Peeling the Onion: How Many Layers of Protection Do Lenders Need?

Real Estate Agent with Berkshire Hathaway Home Services Montana Properties

We've all heard it.  Those darn buyers, leaving the lenders out there holding the bag on these distressed properties, causing the national economic meltdown.  They promised to pay their loans back and now the lenders are taking these horrendous losses! 

Wait a minute.  Didn't the lenders protect themselves from this eventuality?  Let's count the layers of protection lenders used to minimize losses in the event of default on a mortgage.

First, the borrowers creditworthiness offered a layer of protection.  Simply put, could the borrower repay the debt?  Lenders ignored this in recent years and instead gambled that increasing equities would protect them if they ever had to repossess a home.

Second, the borrowers cash down payment offered some insulation.  Again, many lenders were loaning not just 100% of the purchase price but in some instances 125% of the appraised value. 

Third, an appraisal showing the current market value of the home offered some protection against loaning too much against a property.  However, appraisers were hired by lenders who wanted to lend money and who wouldn't be hired back if they became "deal killers". 

Fourth, what about mortgage insurance for high loan-to-value loans?  Buyers were paying for it, didn't the lender get at least protection on the top 25% of the loan amount? 

Fifth, what about credit default swaps?  Didn't lenders at the institutional level hedge their bets in this manner?  Can you say AIG?

Sixth, when the media reports that trillions of dollars will be lost, have they forgotten that trillions were also MADE?  Where did the profits go?  Check the CEO of a half dozen lending entities.  They're not living in shacks.

Seventh, it's assumed these troubled assets have NO current book value.  False.  Just because they have become non-performing assets to lenders doesn't mean they have zero real value.  Lenders, in my opinion, are ignoring their real value because it's profitable to do so.  Which leads me to

Eight.  The Final Layer of the Onion.  You and me.  The bailout kings and queens of the planet Earth.  "Too Big To Fail" really means you and I are "Too Small To Stop Them."  They can "fail" and still make money, enough to reward their top managers and employees with outrageous bonuses, trips, salaries that you and I couldn't begin to imagine.  I mean, who among us would not be awestruck at the prospect of receiving a $160 million BONUS!  Taxpayers.  The Big Boys love us.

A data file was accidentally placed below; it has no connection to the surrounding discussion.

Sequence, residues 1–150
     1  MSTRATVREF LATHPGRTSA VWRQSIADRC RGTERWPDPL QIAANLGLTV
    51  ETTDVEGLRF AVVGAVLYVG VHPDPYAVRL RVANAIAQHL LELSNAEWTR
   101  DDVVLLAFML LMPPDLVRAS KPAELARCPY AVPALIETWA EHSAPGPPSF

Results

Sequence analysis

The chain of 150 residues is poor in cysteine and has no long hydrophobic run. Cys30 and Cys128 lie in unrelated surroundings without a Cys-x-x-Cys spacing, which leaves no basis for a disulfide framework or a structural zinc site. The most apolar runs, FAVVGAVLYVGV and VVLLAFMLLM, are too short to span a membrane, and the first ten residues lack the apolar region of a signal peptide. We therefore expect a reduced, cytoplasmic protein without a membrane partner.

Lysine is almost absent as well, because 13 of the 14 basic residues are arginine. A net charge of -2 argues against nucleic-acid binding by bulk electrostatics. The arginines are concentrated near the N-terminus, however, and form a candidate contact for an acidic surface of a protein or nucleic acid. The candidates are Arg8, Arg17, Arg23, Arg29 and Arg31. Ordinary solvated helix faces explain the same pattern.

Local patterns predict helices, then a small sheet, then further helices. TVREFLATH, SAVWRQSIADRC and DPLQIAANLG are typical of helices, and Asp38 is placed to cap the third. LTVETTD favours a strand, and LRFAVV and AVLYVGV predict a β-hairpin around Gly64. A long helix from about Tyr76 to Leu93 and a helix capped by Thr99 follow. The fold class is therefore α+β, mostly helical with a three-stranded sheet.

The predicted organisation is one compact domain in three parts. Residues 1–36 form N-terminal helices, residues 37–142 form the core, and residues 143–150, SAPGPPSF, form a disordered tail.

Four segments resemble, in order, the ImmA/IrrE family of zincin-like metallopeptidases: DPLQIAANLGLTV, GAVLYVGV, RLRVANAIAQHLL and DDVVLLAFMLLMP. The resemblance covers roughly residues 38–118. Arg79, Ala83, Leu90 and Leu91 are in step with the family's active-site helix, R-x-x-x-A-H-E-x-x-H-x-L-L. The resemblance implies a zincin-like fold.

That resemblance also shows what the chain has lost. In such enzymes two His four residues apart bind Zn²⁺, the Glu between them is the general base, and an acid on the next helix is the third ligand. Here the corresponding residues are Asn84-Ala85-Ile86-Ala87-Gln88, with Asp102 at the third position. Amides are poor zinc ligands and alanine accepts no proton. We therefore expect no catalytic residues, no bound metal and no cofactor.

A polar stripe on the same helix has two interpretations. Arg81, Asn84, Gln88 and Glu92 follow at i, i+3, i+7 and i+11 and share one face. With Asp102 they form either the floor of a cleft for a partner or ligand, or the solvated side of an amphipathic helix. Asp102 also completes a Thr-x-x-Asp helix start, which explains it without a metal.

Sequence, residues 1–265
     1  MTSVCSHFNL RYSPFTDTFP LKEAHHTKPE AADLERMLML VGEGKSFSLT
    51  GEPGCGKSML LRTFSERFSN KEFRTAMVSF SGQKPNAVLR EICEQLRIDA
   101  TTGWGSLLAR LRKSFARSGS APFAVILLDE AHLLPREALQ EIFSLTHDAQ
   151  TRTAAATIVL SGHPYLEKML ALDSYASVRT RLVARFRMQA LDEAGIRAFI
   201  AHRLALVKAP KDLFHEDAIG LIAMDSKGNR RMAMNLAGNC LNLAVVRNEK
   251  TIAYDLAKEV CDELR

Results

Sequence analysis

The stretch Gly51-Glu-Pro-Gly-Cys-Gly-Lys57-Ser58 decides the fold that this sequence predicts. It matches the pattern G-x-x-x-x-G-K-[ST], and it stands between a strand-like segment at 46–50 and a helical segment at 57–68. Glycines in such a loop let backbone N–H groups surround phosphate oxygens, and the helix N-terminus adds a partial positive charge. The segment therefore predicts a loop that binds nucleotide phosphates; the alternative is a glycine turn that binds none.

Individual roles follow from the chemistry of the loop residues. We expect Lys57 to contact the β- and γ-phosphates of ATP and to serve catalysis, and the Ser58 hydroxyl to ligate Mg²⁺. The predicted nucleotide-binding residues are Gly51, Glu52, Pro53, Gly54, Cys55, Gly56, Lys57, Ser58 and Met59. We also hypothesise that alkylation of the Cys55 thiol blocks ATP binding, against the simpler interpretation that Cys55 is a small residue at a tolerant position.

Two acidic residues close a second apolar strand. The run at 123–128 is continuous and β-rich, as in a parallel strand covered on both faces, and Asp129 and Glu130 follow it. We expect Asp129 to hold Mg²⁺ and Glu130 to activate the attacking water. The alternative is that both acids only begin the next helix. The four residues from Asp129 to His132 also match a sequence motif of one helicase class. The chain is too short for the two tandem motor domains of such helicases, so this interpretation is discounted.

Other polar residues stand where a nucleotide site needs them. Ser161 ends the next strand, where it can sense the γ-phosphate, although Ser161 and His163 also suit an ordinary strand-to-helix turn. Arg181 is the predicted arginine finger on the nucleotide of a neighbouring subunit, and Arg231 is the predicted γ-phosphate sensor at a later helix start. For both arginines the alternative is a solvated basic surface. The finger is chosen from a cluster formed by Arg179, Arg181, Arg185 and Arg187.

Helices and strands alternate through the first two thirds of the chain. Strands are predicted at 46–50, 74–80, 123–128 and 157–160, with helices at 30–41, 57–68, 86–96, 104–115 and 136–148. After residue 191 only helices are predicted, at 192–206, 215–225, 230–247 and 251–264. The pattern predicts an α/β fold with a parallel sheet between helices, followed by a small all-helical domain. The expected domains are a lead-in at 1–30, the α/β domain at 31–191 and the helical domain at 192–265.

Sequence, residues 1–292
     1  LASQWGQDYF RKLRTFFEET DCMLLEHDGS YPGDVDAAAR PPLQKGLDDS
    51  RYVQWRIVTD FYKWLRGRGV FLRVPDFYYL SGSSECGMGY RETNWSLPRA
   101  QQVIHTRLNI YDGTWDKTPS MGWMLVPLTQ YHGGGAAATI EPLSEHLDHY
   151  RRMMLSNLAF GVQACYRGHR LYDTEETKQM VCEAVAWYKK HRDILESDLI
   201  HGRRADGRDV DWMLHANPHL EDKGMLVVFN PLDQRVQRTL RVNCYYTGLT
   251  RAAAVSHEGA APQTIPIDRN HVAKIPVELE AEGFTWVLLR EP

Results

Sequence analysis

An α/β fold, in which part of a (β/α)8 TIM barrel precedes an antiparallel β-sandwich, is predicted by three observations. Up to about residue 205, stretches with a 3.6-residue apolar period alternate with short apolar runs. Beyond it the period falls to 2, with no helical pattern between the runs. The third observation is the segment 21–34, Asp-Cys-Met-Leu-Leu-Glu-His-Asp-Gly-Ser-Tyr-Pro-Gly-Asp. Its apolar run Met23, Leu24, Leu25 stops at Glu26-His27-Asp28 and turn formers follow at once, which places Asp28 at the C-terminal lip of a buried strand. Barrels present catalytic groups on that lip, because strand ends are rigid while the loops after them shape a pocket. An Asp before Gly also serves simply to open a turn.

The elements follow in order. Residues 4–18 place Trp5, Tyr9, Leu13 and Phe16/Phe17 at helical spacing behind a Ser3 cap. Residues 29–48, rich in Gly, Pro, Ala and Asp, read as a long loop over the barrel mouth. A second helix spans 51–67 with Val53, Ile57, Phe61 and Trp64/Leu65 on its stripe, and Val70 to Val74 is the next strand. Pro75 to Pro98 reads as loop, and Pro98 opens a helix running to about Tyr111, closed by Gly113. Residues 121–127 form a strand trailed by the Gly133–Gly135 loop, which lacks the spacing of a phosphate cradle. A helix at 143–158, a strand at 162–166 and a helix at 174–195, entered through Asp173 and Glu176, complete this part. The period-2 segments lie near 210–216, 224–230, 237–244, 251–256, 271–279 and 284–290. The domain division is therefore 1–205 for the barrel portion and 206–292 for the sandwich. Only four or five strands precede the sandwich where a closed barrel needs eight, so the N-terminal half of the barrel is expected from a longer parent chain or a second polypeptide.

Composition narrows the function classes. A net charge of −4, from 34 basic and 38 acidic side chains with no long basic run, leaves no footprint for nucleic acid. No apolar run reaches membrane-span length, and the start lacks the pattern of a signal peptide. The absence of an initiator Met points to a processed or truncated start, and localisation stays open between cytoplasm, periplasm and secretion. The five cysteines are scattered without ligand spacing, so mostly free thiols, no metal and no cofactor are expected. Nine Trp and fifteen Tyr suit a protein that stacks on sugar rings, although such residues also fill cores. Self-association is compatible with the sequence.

Sympathy for lenders?  No.  The housing crisis could be solved in a year if lenders would simply write down values to current market, keep owners in homes by offering a deal that would keep the lender as an equity partner for 10 years, have the borrower pay 2 points above par interest rates and let everyone start over.  Can't be done? 

Not if lenders rule the world.


Comments (2)

Mike Carlier
Lakeville, MN
More opinions than you want to hear about.

Well written post. If we follow the money, it leads to the sellers, and I'm surprised nobody is asking them to participate in the losses -- I'm not suggesting that this happen, just surprised it hasn't. For that matter, others were the recipients of the proceeds of the bad loans, loan originators, appraisers, and real estate agents. There could be some recoverable funds there too.

Banks made bad loans and other profit centers agreed to share the risk. It's just business. There are no innocent victims, including the accidental homeowners who will once again become renters.

Dec 13, 2010 04:13 AM
Dennis Erickson
Berkshire Hathaway Home Services Montana Properties - Bozeman, MT
My Best..., Always!

Mike, I'd agree with you regarding the professional corps who originated, approved, reviewed, created innovative loans, etc. that there should be some responsibility assigned to these folks.  Inasmuch as the Realtor was involved I have to say I'm conflicted.  Yes, we took the commission money, but I don't know what your experience was but mine was this:  I referred financing out to mortgage brokers and bankers who I deemed to be honest and reliable.  Beyond that, I was out of the decision process.  I didn't approve loans, negotiate terms or conditions, try to sway anyone to make or not make a loan etc. so I don't feel culpable.  I'd be interested to hear your take on this point.

As for sellers, I place them in the ranks of the non-professional.  Sellers aren't engaged in valuing, marketing, selling or financing homes on a consistent basis.  If their professional advisor says the price is right, the appraisal is correct, the loan is approved, what is the seller to do?  I think they stand right next to the borrower in the line of responsibility, neither was well-informed enough to foresee what we as professionals couldn't see. 

One last point, I and many others are paying the price today in terms of trying to negotiate short sales for short commissions and I'm trying to do a great deal of "pro-bono" counseling work to keep people out of trouble.  I think a lot of Realtors are doing the same.  Thanks for your comment.

Dec 14, 2010 05:08 AM